After reading this article you will learn about the norms for cell phone radiation in India.
Till 2009, India had no standards. India adopted the radiation norms specified by ICNIRP in 2009, which are now outdated as they were intended only to protect people against short-term gross heating effects and not ‘biological’ effects such as cancers and genetic damage from long-term exposure.
This standard is set by International Commission on Nonionizing Radiation Protection (ICNIRP), national Radiological Protection Board (NRPB), and Institute of Electrical and Electronics Engineers (IEEE).
Also, these safety standards are based on 6 minutes per day exposure, without accounting for people who live close to cell towers 24/7. The norms allow EMF of 4,500 mw/m2.
Cell Phones and Cell Tower Standards in India- India has adopted ICNIRP guidelines as the standard for safety limits of exposure to radiofrequency energy produced by mobile handsets for general public as follows: whole-body average SAR of 0.08 W/kg, localized SAR for head and trunk of 2 W/kg, and localized SAR for limbs 4 W/kg.
The basic restrictions/proper limits for power density specified in ICNIRP guidelines for safe frequencies between 400 and 2000 MHz, adopted in India, for occupational exposure is 22.5 W/m2, and general public is 4.5 W/m2 for 900 MHz (ICNIRP, 1998).
Antennas of cell tower transmit in the frequency range of 869-890 MHz for CDMA, 935-960 MHz for GSM-900, 1805-1880 MHz for GSM-1800 and 2110-2170 MHz for 3G. Wi-Fi frequency range is 2.4 GHz, WiMAX is 2.5-3.3 GHz, and 4G LTE is 2.99 GHz.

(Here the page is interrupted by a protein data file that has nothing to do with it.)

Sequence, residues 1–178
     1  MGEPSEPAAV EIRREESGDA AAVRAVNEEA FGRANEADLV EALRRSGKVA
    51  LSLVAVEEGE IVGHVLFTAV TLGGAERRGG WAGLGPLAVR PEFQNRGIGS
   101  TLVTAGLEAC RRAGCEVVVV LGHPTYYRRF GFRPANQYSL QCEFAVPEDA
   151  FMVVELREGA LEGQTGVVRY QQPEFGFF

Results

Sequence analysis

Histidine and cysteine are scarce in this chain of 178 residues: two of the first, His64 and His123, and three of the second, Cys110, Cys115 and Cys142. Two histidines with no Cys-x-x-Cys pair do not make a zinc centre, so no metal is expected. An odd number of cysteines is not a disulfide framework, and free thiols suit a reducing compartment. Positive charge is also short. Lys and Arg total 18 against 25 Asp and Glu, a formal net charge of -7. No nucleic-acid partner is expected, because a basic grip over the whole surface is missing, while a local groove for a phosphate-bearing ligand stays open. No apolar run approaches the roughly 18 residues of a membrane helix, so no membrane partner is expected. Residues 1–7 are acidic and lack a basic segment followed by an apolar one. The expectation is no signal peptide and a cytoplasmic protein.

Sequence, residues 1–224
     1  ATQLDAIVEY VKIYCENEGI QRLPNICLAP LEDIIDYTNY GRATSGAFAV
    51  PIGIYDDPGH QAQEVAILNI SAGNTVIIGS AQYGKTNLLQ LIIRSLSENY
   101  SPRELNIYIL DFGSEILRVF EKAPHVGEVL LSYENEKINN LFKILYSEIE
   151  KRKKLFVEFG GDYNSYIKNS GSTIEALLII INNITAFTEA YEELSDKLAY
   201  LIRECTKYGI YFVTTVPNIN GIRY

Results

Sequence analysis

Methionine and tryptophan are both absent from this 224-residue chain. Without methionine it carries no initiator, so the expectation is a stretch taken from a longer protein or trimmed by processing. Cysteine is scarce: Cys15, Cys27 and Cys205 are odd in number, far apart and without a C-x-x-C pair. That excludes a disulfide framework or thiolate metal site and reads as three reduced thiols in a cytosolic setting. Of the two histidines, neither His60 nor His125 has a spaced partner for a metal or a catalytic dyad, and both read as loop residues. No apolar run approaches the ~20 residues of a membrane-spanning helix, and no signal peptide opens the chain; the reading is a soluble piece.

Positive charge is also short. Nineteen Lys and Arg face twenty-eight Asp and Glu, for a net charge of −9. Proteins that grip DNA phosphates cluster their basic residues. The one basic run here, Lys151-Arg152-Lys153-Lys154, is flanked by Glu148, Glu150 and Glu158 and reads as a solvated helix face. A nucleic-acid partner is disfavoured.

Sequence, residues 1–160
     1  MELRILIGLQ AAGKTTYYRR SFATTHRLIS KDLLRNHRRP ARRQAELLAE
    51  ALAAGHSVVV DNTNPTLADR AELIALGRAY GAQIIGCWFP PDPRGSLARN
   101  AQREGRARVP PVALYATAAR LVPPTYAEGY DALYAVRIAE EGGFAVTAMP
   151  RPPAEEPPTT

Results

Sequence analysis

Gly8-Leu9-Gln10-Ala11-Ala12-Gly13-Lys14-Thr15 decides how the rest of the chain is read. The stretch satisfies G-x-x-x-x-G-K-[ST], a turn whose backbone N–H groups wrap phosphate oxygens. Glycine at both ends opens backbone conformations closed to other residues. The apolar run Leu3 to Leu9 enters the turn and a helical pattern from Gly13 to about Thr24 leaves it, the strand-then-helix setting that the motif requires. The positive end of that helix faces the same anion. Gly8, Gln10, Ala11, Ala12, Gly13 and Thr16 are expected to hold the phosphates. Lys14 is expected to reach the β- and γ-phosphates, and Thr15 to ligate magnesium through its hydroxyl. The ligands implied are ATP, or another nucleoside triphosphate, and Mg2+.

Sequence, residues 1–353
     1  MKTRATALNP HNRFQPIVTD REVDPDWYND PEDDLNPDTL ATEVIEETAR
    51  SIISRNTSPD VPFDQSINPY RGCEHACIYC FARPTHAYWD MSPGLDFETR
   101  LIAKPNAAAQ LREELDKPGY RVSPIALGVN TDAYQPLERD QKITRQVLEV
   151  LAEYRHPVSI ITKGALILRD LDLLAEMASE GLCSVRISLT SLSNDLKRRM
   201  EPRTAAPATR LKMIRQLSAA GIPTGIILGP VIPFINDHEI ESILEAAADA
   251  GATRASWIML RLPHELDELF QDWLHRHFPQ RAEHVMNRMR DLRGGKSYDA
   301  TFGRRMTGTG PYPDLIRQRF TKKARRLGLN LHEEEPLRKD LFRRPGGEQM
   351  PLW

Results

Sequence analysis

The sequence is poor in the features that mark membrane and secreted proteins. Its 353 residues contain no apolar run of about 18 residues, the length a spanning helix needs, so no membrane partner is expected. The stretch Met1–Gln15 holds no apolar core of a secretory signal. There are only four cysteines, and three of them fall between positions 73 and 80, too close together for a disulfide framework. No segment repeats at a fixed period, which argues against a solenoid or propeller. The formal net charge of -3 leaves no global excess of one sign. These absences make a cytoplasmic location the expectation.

There are different types of base stations used by operators in India and they include the macro cell, micro cell, or pico cell. Categorization is based on the purpose of the site rather than in terms of technical constraints such as radiated power or antenna height.
In India, macro cellular base station provide the main infrastructure for a mobile phone network and their antennas are mounted at sufficient height to give them a clear view over the surrounding geographical area.
The maximum power for individual macro cellular base station transmitter is 20 W. According to FCC (1999), depending on the cell tower height, the majority of cellular base stations in urban and suburban areas operate at an effective radiated power (ERP) of 100 W per channel or less. ERP is a quantity that takes into consideration transmitter power and antenna directivity.
An ERP of 100 W corresponds to an actual radiated power of about 5-10 W, depending on the type of antenna used. In urban areas, an ERP of 10 W per channel (corresponding to a radiated power of 0.5-1 W) or less is commonly used.